Critter Curriculum vtfishandwildlife.com
Striped Skunk photo
Striped Skunk Mephitis mephitis The striped skunk (Mephitis mephitis) is a highly adaptable animal that can be found in a wide variety of habitats, from open fields to urban areas. It is well known for its ability to spray an unpleasant scent to ward off potential threats.

Physical Description The striped skunk is about the size of a house cat, reaching a length of 25 to 32 inches and weighing between three and fourteen pounds. The male is generally larger than the female. It has small, beady black eyes, a pointed nose, and a bushy tail but its most distinctive feature is its coloration. Its coat is uniformly black with a broad white stripe running down its back. The stripe is a single line at the skunk's head, but splits into two as it continues down the back to its tail, forming a V in appearance.

This coloration is thought to be a warning to other animals. Animals that ignore this warning run the risk of being sprayed. The scent glands are located at the base of the tail, so when the skunk is preparing to spray, it will raise its tail straight up in the air and begin making a hissing sound. Besides the strong odor, the spray can temporarily blind an attacker by making its eyes water. Skunk musk also can cause an intense fear in the victim which may be triggered in later years by a musky odor. It is capable of spraying at distances of 15 feet.

Life Cycle

Breeding occurs from February through late March. The male will mate with more than one female in a breeding season, but the female will mate with only one male. She will then build a nest. It will be under a wood pile, dig a den in a bank, or inhabit an abandoned den from another animal, like a woodchuck's burrow.

After a gestation period of approximately 63 days, the young are born in late April to early June. Litter size varies from two to ten young, with the average being six to seven. The young are born sightless and covered with fur that already has the tell-tale markings. The female is protective of her young, even carrying them around in her mouth. After four weeks, the young open their eyes. Weaning occurs from six to eight weeks of age. The female raises the young, and it is not uncommon to see the family out feeding on a summer night. The young leave home in the fall, or following spring, to breed and raise a family of their own. The female skunk becomes sexually mature at the age of one year.

Food Items The striped skunk is an omnivore, eating both plants and animals. It is an opportunist by nature, depending on the season and food availability. Its diet includes insects, beetles, crickets, grasshoppers, small mammals, birds, eggs, vegetation and garbage. The striped skunk's willingness to eat garbage has allowed it to spread into towns and cities.

The skunk forages at night aggressively searching out food guided by its strong sense of smell. It will hunt for insects or burrowing animlas by digging.

Habits & Habitat

Striped skunks are found in a variety of habitats, including fields, open areas, and along the edges of forests. They are abundant in agricultural areas, which provide a stable and abundant food supply. They can also be found in wetlands and along beaches. Striped skunks have become adapted to life among people and are common in small rural towns to large urban cities. For rearing the young, skunks require dens, using ones they have built themselves or abandoned by another animal. They may make dens under houses.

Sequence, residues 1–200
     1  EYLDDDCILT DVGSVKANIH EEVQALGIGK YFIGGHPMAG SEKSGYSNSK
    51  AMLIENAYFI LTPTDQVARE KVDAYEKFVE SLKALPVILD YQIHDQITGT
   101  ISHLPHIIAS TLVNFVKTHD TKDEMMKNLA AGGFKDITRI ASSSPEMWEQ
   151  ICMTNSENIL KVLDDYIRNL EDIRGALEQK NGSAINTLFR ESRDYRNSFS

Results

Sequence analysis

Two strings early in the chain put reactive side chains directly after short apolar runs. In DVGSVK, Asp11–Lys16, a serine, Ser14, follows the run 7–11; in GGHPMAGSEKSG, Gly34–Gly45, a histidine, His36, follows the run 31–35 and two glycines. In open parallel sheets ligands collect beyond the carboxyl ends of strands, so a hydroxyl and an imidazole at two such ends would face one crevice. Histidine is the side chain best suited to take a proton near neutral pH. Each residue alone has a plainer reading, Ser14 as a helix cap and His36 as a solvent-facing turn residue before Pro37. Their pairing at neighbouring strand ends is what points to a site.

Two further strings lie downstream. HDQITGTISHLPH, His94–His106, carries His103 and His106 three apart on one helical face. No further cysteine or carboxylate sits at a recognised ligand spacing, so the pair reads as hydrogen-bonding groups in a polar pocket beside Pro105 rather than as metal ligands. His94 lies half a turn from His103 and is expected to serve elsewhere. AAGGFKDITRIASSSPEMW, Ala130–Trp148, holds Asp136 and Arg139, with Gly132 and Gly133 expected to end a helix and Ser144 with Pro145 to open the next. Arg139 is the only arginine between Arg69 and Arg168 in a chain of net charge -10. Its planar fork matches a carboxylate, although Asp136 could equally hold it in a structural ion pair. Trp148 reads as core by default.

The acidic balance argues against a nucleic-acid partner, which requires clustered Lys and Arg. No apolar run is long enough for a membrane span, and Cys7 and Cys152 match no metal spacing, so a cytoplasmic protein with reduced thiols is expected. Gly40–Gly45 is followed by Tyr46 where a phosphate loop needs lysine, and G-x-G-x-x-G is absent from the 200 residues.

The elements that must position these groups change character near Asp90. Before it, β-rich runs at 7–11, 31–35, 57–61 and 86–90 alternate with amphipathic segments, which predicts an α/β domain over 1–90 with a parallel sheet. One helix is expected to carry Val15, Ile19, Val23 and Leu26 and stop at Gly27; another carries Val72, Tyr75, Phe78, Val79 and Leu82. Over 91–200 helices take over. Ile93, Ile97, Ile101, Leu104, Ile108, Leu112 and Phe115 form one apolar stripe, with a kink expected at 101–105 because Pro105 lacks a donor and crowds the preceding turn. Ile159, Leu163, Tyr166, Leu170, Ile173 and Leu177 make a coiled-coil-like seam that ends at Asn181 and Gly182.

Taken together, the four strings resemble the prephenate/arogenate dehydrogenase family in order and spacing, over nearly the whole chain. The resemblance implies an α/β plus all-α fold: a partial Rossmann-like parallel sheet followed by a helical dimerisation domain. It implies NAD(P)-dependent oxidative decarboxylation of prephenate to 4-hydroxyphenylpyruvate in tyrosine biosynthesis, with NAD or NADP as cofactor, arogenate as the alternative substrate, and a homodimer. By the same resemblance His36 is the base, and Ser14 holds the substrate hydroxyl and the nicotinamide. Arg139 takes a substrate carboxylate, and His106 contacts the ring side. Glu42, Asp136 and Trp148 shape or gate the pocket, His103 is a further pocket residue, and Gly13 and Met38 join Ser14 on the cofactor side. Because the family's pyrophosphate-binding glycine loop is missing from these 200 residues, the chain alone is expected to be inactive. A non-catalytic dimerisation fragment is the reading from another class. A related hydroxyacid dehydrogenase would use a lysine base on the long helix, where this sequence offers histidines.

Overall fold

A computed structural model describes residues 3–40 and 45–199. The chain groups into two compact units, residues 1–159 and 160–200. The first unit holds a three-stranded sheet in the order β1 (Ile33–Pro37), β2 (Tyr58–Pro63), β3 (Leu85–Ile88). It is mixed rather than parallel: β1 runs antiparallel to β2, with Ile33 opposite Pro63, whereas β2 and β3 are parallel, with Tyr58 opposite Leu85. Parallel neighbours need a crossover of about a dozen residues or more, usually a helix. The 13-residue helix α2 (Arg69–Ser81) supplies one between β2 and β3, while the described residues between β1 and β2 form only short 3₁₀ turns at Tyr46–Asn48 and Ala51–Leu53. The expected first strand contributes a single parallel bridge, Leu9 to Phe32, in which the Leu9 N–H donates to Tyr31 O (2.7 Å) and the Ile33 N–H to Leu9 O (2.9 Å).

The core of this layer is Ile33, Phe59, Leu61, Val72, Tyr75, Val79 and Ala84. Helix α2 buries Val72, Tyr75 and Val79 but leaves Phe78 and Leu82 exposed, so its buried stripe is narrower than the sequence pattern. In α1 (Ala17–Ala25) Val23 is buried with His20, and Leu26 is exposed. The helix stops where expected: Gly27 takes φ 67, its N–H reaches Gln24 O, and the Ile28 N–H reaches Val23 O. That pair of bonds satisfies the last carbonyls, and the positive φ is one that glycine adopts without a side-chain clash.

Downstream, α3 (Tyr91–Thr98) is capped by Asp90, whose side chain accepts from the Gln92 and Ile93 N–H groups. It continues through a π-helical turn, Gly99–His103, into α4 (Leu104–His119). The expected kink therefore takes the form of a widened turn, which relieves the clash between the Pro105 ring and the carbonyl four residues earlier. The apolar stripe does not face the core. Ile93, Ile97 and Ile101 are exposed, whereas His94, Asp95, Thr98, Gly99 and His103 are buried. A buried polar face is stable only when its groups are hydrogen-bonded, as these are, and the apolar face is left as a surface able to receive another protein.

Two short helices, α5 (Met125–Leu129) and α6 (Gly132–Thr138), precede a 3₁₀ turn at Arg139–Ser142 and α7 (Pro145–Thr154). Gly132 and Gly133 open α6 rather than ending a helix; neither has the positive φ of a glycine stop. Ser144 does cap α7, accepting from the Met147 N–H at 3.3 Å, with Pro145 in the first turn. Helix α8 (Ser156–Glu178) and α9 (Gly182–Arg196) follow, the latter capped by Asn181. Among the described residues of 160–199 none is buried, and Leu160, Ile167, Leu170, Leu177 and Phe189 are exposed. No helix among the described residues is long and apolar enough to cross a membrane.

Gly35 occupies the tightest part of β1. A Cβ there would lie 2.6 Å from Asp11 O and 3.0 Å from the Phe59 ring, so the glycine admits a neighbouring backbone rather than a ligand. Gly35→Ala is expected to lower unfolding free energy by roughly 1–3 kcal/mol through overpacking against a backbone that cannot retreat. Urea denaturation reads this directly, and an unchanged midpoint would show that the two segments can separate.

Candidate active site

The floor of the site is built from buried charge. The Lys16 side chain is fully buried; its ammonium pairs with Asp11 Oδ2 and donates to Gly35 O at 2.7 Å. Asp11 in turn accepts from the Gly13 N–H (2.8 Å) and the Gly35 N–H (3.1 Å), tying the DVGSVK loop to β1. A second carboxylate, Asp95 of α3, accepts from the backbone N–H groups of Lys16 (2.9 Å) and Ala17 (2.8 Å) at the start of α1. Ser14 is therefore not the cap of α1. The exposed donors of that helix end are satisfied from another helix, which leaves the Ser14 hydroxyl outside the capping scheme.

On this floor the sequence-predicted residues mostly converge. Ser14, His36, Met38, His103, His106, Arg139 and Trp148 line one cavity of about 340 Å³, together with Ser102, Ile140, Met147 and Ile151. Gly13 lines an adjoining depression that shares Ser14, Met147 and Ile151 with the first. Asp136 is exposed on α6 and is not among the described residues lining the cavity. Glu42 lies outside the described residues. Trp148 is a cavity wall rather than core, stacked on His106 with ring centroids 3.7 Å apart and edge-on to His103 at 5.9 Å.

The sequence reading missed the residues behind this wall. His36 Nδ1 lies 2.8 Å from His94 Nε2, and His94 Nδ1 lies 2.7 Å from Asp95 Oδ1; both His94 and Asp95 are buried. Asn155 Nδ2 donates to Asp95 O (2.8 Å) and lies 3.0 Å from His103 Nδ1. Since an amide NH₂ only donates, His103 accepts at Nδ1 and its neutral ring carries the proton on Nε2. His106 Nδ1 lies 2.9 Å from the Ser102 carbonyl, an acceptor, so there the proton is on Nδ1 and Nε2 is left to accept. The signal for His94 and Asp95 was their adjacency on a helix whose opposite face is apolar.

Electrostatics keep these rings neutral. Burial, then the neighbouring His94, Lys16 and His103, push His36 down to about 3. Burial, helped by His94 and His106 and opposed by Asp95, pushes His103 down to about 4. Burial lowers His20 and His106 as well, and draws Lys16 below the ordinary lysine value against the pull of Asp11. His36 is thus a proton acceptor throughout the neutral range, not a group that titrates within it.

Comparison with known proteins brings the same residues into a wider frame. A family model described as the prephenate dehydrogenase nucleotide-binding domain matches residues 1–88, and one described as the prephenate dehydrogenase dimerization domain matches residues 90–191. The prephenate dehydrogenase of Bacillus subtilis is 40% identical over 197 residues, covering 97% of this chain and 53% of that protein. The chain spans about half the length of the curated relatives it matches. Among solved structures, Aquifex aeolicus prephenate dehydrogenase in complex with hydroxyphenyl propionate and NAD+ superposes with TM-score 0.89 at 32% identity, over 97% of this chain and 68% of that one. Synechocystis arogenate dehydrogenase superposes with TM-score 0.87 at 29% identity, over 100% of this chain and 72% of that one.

Striped skunks are most active from sunset to sunrise, thus they are considered to be both crepuscular and nocturnal. Striped skunks are not true hibernators, but will den and become inactive during long stretches of cold weather. They may share a den at this time to conserve body heat; a den may contain a few females and a single male. Usually solitary, this may be the only time when a male and female would be together other than during the breeding season.

As striped skunks are not adept climbers or fast runners, they defend themselves by spraying their attackers with an oily, foul smelling musk. In addition to the pungent odor, the liquid can cause severe pain and even temporary blindness. When threatened, skunks will generally face the intuder, arch their back, raise their tail, and move backwards while stamping their feet. Skunks can spray a scent up to 15 feet, but the smell can carry up to a mile.

Because striped skunks are so abundant, their populations often susceptible to diseases, such as rabies. Rabid skunks are dangerous and should be avoided. Their behavior is much different from that of healthy skunks. Some characteristics of infected skunks are activity during the day, aggression, or being unlikely to spray. An animal control officer should be contacted, so that the animal can be properly dealt with.

Abundance Skunks are a common in Vermont Their populations fluctuate from year to year, depending on food availavlity, seasonal and climatic conditions and disease.

History In the 1930s and 1940s, skunk pelts were in great demand and, although a market still exists, it is not as valuable as it once was.

Resource Utilization Striped skunks are extremely helpful in controlling agricultural pests. They eat large quantities of insects such as cutworms, grasshoppers, and potato beetles, that otherwise could damage crops. Skunks are also trapped for their fur. They are still considered an important furbearer throughout their range.

Management Efforts The striped skunk population is monitored closely to regulate hunting and trapping limits. In Vermont, it is protected from over harvesting with the trapping season only lasting two months, from the end of October through the end of December. This time of year is chosen to protect against mothers or newborns being harvested.